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Shallow Waters May 8, 2016

Posted by Chris Sullivan in Dive Log, Shipwrecks.
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Wednesday turned out to be a disappointment followed by a decent shallow water dive. Once again we were to dive the Duane, and once again the current was way too strong. Like the previous time, we headed over to the Spiegel Grove only to hear of ripping currents there too, so we gave up and the boat took us to the wreck of the Norwegian merchant freighter Benwood, a wreck of a wreck lying in about 35′ feet of water. The Benwood sank after a collision, and then, according to our boat crew, the US Navy used it for target practice , so not only are there a few bombs lying around the site a lot of the metal is twisted beyond recognition. The Wikipedia article on the Benwood states that her stern section “seems to have been mostly obliterated by explosions of an unknown type”.

I dove with Rob, who’d recovered from his cold enough to dive. We took our time examining the wreck. Lots of time, actually, as my total dive time was 120 minutes. Rob logged 115 minutes but I explored for a few minutes below the boat so I could come up with 120 minutes on the computer. My reward was spotting a cluster of 4 lobsters. I’d had the best fill of the week so far so even with the length of the dive I still came up with 1000 PSI in the doubles. We saw a few Rockfish, a spotted drum, and various other more common species, and these mysterious rust coloured fish with big glassy eyes. The boat crew had some opinions on what the fish was, but we didn’t come up with anything definitive.

Any dive is a good dive but this good dive would have been a better dive if it were a dive on the Duane or the Spiegel Grove.


The mysterious red fish is identified as a Glasseye Snapper.



Diving in Victoria: The Mackenzie March 26, 2009

Posted by Chris Sullivan in Dive Log, Shipwrecks.
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March 30th, 2008 was supposed to be a celebration of my mother’s 90th birthday. She’d died a month earlier so the planned get together with all four of her children in Victoria BC didn’t work out. However my two brothers and my sister still found our way to Victoria to scatter her ashes and have all of us together again for the first time in 18 years.

We’d planned to have a big dinner beginning in the early evening, so I had the chance to dive some more in the morning. This time, we met in Sidney, which is 20 minutes or so from Victoria (and is the site of Victoria airport) at the marina where the owner of the Ogden Point Dive Centre had another boat moored. The weather that day was foul – moderate rain and 4 degrees Celsius (39 Fahrenheit), as this wonky photograph taken accidentally from the boat during the surface interval will attest…


Being without a car in downtown Victoria, I was fortunate to cop a ride from a diver I’d met the day before, Darren from Red Deer Alberta, who would be my dive buddy, as we were the only two divers on that outing. We both waiting for the owner to show up, and once again he was a bit late, but by 9:30 we were on our way to our first dive, the HMCS Mackenzie.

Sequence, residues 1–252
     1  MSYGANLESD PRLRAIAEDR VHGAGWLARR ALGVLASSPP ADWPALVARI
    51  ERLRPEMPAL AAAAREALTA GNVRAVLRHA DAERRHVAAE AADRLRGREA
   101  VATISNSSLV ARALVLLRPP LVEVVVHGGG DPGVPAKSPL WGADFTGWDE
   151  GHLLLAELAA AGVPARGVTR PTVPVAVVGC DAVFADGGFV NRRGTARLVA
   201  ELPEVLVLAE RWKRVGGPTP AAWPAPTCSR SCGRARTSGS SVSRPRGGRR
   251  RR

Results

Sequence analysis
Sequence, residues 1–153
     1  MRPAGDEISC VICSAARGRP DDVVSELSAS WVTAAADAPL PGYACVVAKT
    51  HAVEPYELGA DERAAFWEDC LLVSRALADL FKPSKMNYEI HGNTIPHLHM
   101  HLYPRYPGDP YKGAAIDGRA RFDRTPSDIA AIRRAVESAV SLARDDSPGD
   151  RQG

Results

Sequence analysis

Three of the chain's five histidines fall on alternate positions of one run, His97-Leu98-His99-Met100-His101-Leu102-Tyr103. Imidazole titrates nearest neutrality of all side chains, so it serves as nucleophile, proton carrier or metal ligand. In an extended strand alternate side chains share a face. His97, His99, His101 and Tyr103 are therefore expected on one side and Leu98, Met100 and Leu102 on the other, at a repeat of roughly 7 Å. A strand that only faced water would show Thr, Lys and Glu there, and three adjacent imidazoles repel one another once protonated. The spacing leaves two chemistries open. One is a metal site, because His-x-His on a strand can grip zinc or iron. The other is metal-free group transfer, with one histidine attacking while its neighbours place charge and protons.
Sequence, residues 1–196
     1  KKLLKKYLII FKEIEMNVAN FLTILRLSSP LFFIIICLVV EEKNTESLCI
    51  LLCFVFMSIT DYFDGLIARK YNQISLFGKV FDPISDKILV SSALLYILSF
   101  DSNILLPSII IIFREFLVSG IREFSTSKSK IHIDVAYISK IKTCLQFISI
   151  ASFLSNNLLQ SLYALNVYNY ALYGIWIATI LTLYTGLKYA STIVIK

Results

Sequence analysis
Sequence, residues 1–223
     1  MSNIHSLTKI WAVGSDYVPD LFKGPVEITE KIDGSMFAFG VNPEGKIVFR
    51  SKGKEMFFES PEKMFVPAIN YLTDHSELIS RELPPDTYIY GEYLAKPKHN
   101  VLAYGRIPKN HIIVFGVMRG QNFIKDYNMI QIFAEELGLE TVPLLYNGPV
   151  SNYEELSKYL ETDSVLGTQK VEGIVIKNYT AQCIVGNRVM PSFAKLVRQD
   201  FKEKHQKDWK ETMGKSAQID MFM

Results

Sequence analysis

The Mackenzie was sunk intentionally as an artificial reef in 1995 by the Artificial Reef Society of British Columbia, who have been quite active in providing great dive sites in various parts of the province, including the recent sinking of a Boeing 737 off Chemainus, BC.

We descended down the shot line to the wreck. Even the line was covered in anemones and other life, so it was hard to find a spot to hold on. Fortunately there was no current to speak of so it wasn’t necessary to grip the line. With the size of the wreck and the rate of air consumption at our depth, which was a maximum of 89’ went we went over the side, we couldn’t explore very much of the wreck. The lack of light also made photography difficult. We spent most of our time near the rails, but went over the deck as well.


With a little over 10 years on the bottom, the wreck had accumulated an amazing collection of sea life, including Anemones, Sea Stars, Rock Fish, Ling Cod, Crabs (including Hermit Crabs), Sea Slugs, and the odd Urchin.It’s amazing to see the anemones attached directly to the deck of the ship, and emphasizes that they’re animals and not plants which would have a root system. I’ve never seen so many white plumose anemones – they were everywhere.

Quillback Rockfish

Quillback Rockfish

After 25 minutes of bottom time, Darren signaled that he was low on air and we made our way back to the line and returned to the dive boat after a 3 minute safety stop. I still had 1000 PSI left in the tank when I got back on the boat. Even with my dry suit, the cold (7C) water, rain and cool weather made the dive a lot less comfortable than the cold water diving I’ve done in Ontario.

Despite this, I’m glad I went. It is a unique underwater environment, and I’m always glad to have dived wherever I happen to travel. I’m hoping my next visit there will be in the summer though.